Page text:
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Hello everyone,

The questions is below. Please bear with me.

I'm a first year student, majoring in computer science. I have just finished an introductory course in the java programming language.

I already know that what i type to program in java is a source code that has to be compiled to java bytecode or class file in order for the virtual machine to translate that code into a language that the computer understands, which is only zero's and one's.

How could a JFrame, an image file, a video file or a text file etc... be represented by only a bunch of 000000's and 1111111's? how could the computer display these data?

Does the answer to this question relates more to computer science or computer engineering?

Is it good or bad to think this way for a first year student?

Sorry because my post is very tall. and thanks for bearing with me.


Best regards,

Edited by islam-morad: n/a

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As you know the computer only does math, the compiled programs just tell the computer what functions to use based off the numbers, the CPU decodes all of the instructions coming in to it and does what is asked. Most of the time though you won't be dealing with binary but rather compiled code that runs using the help of the Kernel.

Video/text/image files are quite different, they are stored in an encoding so one of your programs can understand it, rather than the CPU or Kernel.

The question definitely relates to computer science, because most of the time all of this is managed by the Kernel, which is still software.

Its great thinking this way as a first year student, many people don't wonder at all and end up missing everything around them.

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Great, Thanks for replying
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>How could a JFrame, an image file, a video file or a text file etc...
>be represented by only a bunch of 000000's and 1111111's?

0 and 1 are really just a convenient notation for the electrical pulses a binary computer uses to generate streams of data. Those pulses are interpreted by a chain of consumers which convert the bit stream back and forth between different representations.

How can something as complex as an image be represented by a stream of 0's and 1's? By combining them into an equally complex language suitable for consumption by a display driver which then determines which pixels on a monitor to light up. When you really think about the complexity of the whole system, it's a wonder that computers work at all.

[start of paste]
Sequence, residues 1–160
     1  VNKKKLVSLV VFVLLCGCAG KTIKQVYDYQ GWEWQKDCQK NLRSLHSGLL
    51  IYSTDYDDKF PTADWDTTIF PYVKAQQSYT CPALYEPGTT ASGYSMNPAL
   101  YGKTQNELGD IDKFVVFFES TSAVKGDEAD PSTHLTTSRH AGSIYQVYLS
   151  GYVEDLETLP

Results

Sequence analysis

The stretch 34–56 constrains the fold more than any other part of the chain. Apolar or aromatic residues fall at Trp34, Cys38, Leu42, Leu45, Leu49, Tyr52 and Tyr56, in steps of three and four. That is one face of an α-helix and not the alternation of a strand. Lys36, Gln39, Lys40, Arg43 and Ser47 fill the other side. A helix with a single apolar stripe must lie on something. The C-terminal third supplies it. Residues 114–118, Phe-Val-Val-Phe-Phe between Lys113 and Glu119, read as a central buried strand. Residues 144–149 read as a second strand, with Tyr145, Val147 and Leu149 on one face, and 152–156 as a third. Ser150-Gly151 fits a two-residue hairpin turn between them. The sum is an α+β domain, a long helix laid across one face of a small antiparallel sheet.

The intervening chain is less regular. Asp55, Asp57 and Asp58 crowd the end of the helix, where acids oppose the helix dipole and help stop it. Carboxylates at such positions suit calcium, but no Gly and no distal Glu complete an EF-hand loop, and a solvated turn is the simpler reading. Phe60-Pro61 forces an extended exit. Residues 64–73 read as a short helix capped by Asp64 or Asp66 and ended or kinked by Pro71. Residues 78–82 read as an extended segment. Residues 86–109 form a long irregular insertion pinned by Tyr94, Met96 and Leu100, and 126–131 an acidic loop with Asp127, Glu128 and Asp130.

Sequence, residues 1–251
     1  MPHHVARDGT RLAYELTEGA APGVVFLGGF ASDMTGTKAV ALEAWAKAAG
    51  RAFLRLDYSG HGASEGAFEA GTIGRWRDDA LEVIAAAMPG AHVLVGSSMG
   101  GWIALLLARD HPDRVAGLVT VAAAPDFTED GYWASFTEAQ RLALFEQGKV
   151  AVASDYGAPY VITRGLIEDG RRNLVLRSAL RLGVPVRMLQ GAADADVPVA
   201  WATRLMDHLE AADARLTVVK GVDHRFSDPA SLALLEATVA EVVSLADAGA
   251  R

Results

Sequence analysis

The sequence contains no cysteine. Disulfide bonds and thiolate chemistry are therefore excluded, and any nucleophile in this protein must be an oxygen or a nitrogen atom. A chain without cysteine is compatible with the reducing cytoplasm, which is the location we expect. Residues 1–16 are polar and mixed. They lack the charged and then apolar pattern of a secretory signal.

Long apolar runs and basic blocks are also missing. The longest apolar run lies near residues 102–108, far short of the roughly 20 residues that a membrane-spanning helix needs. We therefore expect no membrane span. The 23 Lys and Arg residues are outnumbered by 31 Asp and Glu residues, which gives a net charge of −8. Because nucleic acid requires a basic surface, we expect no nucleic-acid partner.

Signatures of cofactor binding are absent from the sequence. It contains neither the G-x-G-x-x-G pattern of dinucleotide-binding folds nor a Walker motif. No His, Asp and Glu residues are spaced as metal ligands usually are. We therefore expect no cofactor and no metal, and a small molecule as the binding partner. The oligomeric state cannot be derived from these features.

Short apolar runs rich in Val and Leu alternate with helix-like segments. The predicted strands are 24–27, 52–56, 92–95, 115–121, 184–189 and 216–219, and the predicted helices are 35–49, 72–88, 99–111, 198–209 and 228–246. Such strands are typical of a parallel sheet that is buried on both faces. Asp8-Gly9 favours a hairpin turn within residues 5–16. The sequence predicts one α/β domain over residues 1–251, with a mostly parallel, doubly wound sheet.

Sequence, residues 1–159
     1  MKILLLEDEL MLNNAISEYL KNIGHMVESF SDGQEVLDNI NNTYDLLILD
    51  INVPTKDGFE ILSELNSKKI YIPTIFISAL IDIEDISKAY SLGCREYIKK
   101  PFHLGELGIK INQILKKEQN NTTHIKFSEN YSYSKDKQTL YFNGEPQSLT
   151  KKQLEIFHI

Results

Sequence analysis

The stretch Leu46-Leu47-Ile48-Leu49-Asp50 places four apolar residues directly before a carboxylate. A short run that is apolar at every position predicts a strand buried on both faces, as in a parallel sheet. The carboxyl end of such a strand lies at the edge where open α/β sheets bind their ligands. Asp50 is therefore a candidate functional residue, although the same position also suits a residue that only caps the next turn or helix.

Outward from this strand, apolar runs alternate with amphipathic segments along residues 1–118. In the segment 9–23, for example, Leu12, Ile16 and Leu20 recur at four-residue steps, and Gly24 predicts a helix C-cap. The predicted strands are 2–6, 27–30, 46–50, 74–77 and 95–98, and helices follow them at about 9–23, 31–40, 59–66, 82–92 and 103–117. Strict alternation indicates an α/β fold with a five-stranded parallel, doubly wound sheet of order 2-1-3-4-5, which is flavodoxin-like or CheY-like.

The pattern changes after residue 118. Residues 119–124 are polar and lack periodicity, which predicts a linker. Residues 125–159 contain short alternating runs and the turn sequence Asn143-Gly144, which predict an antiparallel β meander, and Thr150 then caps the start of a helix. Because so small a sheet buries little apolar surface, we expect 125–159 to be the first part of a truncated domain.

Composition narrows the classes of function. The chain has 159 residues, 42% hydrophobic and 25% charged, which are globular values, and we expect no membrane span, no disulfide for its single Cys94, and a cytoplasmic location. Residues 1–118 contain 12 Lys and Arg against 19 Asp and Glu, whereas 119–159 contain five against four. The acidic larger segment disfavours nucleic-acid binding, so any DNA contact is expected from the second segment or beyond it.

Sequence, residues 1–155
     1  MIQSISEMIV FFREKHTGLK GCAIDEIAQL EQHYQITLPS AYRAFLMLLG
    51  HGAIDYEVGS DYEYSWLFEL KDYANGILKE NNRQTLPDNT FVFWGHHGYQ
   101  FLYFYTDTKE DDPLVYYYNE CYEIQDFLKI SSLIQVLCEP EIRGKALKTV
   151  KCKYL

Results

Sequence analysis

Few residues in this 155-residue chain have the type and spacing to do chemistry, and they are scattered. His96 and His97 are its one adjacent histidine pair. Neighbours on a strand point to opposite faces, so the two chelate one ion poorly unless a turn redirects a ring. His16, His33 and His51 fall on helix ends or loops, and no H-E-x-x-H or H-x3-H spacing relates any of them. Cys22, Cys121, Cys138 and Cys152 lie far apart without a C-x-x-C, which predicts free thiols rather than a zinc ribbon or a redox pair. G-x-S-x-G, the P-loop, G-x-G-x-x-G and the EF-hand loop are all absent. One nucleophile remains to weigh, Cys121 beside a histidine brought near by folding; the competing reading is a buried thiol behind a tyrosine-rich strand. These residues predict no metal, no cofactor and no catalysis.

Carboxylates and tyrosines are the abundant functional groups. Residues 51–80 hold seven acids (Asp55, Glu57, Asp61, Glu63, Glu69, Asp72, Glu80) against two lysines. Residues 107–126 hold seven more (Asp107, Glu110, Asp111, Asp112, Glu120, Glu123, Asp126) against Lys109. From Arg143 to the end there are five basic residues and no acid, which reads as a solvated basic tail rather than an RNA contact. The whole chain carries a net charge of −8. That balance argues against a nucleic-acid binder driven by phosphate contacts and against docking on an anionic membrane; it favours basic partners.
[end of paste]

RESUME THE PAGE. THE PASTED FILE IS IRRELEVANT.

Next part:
>Is it good or bad to think this way for a first year student?
It's good to understand such low level things, but probably not until a solid base in more practical matters is built. Keep it on the back burner, but don't stress too much about pretending that some things work by "magic" until you're in a better position to learn how they really work.

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Great post, Thanks
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Hi,

I had some sort of questions like that too when i was at your station. The bad news was, those lecturers who suppose to guide me at that time, was lacking of this knowledge. So what they did was 'reading introduction from some books' and teaching it by 'term' and 'abstractions'.

Listen, computer science is about concepts + implementations. Concepts sets the direction, implementation proofs it. (Students who don't want to dirty your hands in programming, better don't sweat it in this areana!!! Studies in Business IT may help you)

The business is driving software engineers to focus more on frameworks (.NET, JDK etc) and to solve problems faster. They are merely using APIs and SDKs (software libraries) to solve the problem. But no one talks about Computer Architectures, Discrete Maths or even Compiler Architecture. You should get some traditional books on these two subjects and dig in deeper if you are interested. Try using C/C++ and a little knowledge in assembly will help you to understand that this is Computer Science were are talking about here.

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Thank you guys for replying to me. I will concentrate on my studies for now and see what will happen.

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